iggyazazel:

redtemplo:

micdotcom:

India replaces the Ice Bucket Challenge with the much more sustainable Rice Bucket Challenge 

After seeing the dramatic results from the Ice Bucket Challenge, Indian journalist Manju Latha Kalanidhi was compelled to start something similar, but with an Indian slant. “I felt like doing something more locally tangible. Rice is a staple here,” Kalanidhi told CNN. “We eat it every day, we can store it for months. Why not donate rice to someone who is hungry?”

It’s fairly simpleFollow micdotcom

Go off x1000000

study at freerice.com to feed the hungry while preparing for exams!

(via crazyonacloud-andloud)

redsuelo:

amberrosehairline:

myvoicemyright:

Acid attack survivors in India model new clothing range for powerful photoshoot

Survivors of acid attacks in India have become the face of a new clothing range designed by a woman who had acid thrown in her face while she was asleep four years ago.Delhi-based designer Rupa and her friends Rita, Sonam, Laxmi and Chanchal modelled the clothes from her new range, Rupa Designs, for photographer Rahul Saharan.

Rupa suffered extensive injuries when her stepmother threw acid in her face while she was sleeping in 2008.

She was allegedly left without any medical aid for six hours before her uncle found her and transported her to hospital, where she underwent eleven operations and spent three months being cared for.

this is so powerful

Bless them and their beautiful spirits

(via vapidadolescentblues)

busyprocrabating:

admiral-yousmator:

You know what really gets to me, and I’m sure many know this, is the blatant abuse and betrayal that white photogs display in POC countries. Every time a photo has gotten famous like this photo did in history, the actual focus of the photo is left behind in the dust while the white photog is hailed as a hero for displaying the ills of that country. He didn’t even fucking ask her name. He didn’t ask for 17 years. The world knew nothing about her life and her story. He captured one moment that made him famous and she got nothing.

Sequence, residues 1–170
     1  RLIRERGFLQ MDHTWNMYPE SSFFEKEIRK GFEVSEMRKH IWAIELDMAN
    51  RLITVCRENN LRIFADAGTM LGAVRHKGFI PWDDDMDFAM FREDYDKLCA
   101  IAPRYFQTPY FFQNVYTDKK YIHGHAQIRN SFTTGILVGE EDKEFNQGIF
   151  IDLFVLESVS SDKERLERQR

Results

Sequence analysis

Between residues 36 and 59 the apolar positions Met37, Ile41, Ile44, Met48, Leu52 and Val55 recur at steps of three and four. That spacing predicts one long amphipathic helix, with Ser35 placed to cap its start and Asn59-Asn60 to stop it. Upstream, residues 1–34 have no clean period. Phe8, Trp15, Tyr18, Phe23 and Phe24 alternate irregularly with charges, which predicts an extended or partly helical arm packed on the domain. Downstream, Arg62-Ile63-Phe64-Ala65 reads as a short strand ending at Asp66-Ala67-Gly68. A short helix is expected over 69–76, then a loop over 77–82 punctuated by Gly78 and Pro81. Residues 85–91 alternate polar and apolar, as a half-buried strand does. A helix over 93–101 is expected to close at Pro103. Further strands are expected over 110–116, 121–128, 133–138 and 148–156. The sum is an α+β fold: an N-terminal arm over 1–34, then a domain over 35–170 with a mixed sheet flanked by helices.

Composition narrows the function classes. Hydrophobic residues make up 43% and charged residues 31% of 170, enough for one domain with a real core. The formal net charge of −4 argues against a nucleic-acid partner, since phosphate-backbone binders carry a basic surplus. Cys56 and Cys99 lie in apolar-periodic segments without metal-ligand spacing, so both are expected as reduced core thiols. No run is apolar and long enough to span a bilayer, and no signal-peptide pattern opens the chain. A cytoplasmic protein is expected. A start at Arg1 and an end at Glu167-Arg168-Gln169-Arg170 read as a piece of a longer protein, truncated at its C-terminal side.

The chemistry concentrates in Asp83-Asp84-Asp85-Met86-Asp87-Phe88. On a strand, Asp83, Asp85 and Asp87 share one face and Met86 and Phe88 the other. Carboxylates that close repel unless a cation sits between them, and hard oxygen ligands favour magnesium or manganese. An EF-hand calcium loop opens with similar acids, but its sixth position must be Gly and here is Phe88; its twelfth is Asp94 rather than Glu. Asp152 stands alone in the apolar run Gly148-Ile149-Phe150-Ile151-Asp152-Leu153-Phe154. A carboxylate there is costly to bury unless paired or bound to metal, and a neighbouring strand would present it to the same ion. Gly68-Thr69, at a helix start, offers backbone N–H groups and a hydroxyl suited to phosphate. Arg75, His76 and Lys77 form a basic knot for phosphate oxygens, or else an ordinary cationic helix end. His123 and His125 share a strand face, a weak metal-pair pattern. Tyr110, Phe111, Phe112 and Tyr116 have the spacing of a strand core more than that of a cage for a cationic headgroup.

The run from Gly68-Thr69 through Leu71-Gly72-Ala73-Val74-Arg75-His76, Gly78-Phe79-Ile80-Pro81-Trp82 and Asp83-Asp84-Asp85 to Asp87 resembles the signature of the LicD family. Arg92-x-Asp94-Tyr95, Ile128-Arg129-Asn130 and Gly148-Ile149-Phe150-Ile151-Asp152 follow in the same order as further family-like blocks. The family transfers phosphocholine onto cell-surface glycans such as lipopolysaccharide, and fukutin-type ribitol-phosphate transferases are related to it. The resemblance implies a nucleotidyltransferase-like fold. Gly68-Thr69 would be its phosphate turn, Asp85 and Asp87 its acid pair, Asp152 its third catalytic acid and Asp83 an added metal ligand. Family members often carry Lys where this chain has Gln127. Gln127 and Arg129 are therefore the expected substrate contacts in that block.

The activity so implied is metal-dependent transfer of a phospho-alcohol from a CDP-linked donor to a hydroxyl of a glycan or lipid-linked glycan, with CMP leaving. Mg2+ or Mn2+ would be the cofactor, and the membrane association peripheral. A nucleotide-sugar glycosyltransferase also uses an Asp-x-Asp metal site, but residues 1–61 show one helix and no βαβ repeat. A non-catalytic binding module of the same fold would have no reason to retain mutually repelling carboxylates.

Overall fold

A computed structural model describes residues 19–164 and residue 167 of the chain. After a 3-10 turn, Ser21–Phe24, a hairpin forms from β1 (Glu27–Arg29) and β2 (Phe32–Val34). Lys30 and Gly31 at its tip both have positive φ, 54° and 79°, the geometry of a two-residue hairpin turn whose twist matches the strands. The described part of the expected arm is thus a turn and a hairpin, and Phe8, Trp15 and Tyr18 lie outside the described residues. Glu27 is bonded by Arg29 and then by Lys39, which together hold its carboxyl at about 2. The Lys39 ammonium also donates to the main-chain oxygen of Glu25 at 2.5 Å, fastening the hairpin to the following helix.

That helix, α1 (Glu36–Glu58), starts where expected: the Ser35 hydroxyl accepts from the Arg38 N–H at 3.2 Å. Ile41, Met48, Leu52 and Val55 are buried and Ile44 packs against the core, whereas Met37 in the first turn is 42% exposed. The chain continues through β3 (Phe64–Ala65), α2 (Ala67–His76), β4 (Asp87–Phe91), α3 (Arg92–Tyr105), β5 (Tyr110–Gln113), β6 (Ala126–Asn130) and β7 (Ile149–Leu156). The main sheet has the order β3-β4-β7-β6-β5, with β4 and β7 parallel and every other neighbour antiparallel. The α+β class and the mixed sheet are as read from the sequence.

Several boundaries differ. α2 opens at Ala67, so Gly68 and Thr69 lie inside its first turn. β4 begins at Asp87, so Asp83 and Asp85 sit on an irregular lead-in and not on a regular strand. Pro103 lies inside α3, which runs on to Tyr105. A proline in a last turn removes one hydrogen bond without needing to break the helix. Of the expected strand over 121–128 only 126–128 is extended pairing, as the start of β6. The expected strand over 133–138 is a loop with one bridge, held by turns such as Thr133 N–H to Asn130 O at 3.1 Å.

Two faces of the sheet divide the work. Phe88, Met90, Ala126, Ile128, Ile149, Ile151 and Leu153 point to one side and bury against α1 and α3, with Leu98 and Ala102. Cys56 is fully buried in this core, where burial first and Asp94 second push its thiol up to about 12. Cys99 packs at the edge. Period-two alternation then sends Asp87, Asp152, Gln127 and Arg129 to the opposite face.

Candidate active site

Every time I see this photo, I seethe.

“Names have power, so let us speak of hers. Her name is Sharbat Gula, and she is Pashtun" [x]

busyprocrabating:

admiral-yousmator:

You know what really gets to me, and I’m sure many know this, is the blatant abuse and betrayal that white photogs display in POC countries. Every time a photo has gotten famous like this photo did in history, the actual focus of the photo is left behind in the dust while the white photog is hailed as a hero for displaying the ills of that country. He didn’t even fucking ask her name. He didn’t ask for 17 years. The world knew nothing about her life and her story. He captured one moment that made him famous and she got nothing.

Every time I see this photo, I seethe.

Names have power, so let us speak of hers. Her name is Sharbat Gula, and she is Pashtun" [x]

(via moonii)

bdomr:

the mornings we spent there are so precious to me… we’d wake up and it would be so cold and misty, we’d light a fire, make porridge, play a jazz record, go for a walk and then read